How Does an AC Compressor Clutch Work?

by Isaiah David

Compressor Clutch Basics

A belt drive attached to the engine spins constantly, providing energy for the AC compressor. The belt turns a rotor, which has a friction plate attached to it. Near the rotor is an electromagnet--a coil of wire which produces a magnetic field when current is run through it. Across from the friction plate is another friction plate attached to the rotor that powers the air conditioner.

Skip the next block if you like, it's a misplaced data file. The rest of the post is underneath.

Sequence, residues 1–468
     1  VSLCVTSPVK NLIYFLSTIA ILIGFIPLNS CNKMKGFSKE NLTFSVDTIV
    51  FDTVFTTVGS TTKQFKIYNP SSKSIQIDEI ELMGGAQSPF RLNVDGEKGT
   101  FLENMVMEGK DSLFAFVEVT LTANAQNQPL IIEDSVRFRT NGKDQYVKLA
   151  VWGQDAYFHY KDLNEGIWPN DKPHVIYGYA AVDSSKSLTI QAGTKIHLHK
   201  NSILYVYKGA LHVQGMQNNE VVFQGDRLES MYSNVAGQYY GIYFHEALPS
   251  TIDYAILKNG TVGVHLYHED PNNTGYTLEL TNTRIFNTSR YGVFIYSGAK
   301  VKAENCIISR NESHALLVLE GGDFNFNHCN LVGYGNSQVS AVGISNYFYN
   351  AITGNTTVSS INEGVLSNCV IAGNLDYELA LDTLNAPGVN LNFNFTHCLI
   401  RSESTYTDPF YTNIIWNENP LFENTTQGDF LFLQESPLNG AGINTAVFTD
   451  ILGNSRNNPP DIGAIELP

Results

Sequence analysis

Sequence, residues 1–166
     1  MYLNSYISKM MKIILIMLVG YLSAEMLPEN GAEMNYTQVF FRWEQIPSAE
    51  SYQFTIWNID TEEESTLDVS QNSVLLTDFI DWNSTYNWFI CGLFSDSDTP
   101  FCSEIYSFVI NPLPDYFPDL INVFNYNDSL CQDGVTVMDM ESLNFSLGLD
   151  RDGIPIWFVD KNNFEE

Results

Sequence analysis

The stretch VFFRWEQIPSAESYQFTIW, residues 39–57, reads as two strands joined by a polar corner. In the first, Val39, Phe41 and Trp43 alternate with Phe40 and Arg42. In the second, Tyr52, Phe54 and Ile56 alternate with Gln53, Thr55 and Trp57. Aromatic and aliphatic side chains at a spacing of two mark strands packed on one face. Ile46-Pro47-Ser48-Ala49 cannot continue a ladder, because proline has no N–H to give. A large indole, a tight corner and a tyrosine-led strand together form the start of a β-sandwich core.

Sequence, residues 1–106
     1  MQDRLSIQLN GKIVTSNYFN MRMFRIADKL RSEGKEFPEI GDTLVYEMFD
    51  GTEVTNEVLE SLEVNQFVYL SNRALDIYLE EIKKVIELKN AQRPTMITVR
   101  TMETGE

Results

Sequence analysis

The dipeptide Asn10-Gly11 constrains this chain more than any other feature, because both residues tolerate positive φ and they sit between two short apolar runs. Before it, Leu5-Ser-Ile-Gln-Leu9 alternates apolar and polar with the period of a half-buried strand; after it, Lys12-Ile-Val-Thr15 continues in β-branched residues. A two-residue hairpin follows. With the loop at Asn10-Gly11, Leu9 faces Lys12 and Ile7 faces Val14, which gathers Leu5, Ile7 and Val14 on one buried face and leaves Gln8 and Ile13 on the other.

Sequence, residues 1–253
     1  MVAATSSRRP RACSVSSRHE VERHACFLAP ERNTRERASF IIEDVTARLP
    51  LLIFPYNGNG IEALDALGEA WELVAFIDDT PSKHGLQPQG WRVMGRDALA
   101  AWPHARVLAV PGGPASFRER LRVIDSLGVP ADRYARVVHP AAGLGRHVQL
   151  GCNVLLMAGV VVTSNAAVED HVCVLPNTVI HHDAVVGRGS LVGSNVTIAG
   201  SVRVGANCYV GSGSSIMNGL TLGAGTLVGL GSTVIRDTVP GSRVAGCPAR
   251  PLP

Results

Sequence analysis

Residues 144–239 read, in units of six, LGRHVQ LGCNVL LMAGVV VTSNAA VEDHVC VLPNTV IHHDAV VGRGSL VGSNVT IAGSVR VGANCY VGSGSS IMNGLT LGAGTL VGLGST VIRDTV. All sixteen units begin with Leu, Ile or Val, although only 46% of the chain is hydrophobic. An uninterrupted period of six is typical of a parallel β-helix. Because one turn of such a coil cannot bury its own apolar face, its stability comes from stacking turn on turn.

When the electromagnet turns on, it produces a powerful magnetic field through the rotor. Since the fan belt rotor and the air conditioner rotor are both made out of iron, the magnetic field magnetizes both of them, pulling them towards each other. This causes the friction plates to push tightly in to each other. Initially, the rotor friction plate is turning and the compressor friction plate is not. Once they are touching, however, friction between the two plates makes the air conditioner rotor spin. When the electromagnet is turned off, the friction plates spring apart and the compressor stops moving.

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